We caught up with Drowning Prevention Manager Andrew Ingram to find out how the Survival Swimming Centre project is faring.
The first Survival Swimming Centre (SSC 1) at Meiring Primary has already held over 400 lessons. The NSRI team celebrated its official opening recently, where the first 11 children were awarded certificates for completing the course and learning the four core Survival Swimming skills.
“This means that they have been taught breath control, orientation, floating, and how to move through water for five metres,” says NSRI Drowning Prevention Manager, Andrew Ingram.
Housed in a donated shipping container, the centre offers an innovative “lock-up-and-go” solution for the lack of safe bodies of water in which to teach basic swimming skills. The container can be moved from place to place and is also secure, so children can’t accidentally wander into the water.
Like most innovations, the first centre came with some unforeseen challenges. The first has been maintaining exceptional water quality. Luckily Fluidra, a pools and spa manufacturing company, came onboard and donated a circulation and filtration system that Andrew can monitor from an app on his phone.
“I have amazing back-up from two members of their staff, who I am in constant contact with,” Andrew says. “The Fluidra Fundacio Foundation has now also donated funds for the heat pumps to cover the first Survival Swimming Centre and the next one we build. This solves one of the major issues that we are facing as winter starts. The water temp is dropping to the high teens as the air temp drops to single digits. It’s just too cold for instructors to spend hours in the water, and even for the children to be in for 15 to 20 minutes for their lessons.”
The second challenge was making sure that the children arrived at the centre without any delays.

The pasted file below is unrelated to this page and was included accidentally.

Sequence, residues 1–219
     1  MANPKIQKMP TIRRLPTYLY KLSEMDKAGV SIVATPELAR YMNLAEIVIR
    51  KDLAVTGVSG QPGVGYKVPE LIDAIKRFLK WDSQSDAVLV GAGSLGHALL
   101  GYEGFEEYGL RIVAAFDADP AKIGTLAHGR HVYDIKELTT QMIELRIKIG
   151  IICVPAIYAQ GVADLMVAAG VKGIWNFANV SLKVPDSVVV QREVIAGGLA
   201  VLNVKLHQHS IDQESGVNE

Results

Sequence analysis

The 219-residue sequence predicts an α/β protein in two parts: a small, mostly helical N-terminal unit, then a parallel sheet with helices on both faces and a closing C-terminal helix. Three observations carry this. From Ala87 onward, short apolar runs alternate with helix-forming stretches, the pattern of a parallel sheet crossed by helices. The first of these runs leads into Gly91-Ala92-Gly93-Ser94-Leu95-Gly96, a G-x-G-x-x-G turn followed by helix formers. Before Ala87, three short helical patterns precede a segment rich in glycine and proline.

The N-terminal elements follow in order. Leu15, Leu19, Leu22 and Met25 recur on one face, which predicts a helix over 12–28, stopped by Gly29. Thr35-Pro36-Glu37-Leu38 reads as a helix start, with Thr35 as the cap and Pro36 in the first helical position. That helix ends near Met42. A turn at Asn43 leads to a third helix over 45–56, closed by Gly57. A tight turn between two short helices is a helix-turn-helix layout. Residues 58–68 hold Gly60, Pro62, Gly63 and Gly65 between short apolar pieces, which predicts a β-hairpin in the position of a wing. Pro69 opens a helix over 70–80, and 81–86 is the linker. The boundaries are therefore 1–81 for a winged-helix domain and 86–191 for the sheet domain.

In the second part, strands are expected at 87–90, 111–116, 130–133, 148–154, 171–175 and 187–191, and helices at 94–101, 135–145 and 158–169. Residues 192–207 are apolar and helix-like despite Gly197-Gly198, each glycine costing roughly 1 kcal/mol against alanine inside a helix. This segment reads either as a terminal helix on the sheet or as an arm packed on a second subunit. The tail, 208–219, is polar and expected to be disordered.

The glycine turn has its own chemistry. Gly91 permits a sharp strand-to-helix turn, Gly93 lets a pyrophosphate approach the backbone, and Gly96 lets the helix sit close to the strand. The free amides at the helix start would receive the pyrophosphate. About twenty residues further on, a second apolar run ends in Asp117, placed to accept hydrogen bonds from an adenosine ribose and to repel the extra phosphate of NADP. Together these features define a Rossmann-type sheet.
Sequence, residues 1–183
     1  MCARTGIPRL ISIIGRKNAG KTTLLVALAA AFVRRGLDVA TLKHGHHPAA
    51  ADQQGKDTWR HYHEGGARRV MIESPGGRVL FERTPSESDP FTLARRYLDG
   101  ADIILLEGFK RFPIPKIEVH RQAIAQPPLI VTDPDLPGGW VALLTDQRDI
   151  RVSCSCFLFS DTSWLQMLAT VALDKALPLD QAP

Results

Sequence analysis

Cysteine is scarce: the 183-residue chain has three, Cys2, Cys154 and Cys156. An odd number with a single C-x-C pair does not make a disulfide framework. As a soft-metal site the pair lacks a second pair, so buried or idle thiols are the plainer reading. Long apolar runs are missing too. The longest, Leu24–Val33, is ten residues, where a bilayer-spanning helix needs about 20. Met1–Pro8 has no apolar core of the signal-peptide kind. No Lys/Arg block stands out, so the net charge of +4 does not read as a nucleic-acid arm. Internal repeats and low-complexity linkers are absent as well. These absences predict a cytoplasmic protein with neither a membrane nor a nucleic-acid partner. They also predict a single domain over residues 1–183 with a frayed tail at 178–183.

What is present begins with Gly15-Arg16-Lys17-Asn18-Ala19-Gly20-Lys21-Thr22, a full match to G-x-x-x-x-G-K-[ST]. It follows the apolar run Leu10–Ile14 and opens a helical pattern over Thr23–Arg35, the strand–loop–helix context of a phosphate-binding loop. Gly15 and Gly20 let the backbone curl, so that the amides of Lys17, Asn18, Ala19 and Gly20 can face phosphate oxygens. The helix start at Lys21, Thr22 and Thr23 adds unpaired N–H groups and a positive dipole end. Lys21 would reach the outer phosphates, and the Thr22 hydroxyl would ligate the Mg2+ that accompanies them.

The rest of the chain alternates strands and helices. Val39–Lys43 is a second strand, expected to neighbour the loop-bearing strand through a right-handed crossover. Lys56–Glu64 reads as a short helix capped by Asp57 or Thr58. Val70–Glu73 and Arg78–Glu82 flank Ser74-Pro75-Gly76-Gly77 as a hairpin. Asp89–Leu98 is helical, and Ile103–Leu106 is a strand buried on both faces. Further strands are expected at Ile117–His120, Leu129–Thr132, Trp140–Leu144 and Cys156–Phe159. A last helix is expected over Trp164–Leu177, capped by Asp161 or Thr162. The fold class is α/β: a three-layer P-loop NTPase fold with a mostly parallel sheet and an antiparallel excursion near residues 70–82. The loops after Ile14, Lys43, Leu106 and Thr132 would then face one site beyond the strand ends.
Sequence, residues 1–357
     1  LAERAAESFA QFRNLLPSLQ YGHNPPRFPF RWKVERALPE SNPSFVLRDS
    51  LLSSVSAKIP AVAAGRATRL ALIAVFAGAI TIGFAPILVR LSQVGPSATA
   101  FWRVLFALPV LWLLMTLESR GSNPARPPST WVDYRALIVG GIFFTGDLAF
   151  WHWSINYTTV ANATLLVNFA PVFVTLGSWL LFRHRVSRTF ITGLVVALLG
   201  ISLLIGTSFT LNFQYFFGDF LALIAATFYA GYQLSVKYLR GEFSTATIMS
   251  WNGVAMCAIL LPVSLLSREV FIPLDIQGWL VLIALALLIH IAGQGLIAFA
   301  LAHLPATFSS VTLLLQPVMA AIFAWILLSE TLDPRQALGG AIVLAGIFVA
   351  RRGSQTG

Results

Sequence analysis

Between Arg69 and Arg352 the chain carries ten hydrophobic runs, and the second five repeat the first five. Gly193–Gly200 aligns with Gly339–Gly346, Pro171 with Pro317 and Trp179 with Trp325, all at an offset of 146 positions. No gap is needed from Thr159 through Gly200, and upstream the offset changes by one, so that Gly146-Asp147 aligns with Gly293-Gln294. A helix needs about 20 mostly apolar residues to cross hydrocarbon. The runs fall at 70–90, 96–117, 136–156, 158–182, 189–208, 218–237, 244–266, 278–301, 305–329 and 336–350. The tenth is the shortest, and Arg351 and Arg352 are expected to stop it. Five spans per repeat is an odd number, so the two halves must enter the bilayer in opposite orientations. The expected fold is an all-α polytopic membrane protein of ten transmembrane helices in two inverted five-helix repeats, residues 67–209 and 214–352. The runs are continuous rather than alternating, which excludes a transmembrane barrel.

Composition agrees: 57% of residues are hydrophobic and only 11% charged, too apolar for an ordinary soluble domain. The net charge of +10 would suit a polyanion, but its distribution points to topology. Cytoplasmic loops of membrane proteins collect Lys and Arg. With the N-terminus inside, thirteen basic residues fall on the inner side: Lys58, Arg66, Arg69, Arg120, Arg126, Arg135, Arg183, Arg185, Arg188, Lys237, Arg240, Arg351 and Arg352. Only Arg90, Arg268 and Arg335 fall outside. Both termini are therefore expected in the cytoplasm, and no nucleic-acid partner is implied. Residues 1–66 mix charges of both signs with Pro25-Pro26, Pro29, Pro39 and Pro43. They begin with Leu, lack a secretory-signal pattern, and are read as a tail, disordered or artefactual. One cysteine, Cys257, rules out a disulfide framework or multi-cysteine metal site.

“Principal Brenton Cupido and the Meiring Primary School staff’s buy-in has been absolutely amazing,” Andrew enthuses. “They have given us two assistant teachers who make sure that the children get to and from the pool on time. We hadn’t worked out the ‘military precision’ that was needed and that was where Mr Cupido’s experience came in. So Petro Meyer and the two part-time instructors can stay in the pool, and the children are brought to them.”
The third challenge that the team faced was that the children didn’t have swimming towels and costumes. Andrew and his team have arranged towels and are looking at ways to get costumes for the kids.
“You come up with a really great idea and apart from just getting it operational, there’s still a bunch of stuff on the side that needs a lot of attention to make sure that the entire thing works,” Andrew says with a laugh.
The second Survival Swimming Centre is already being built, and a third is in the pipeline. The plan is to place one in KwaZulu-Natal and the other in the Eastern Cape, as both provinces have high drowning statistics.
“The next one has just arrived in the yard,” Andrew says. “The container has been donated by Evergreen and has been put into Dibana Logistics’ yard which is five minutes away from our office. Dibana has let us use their yard and their electricity for free, and they move the completed Survival Swimming centre when and where needed – for free! All of the donors in this operation and the first have been phenomenal, giving up huge amounts of time and expertise for free. Without all of this stuff this project would be hundreds of thousands of rand more than it is. We’ve been spared these expenses because all of these people believe in what we’re doing and are prepared to help us, which is so special.”
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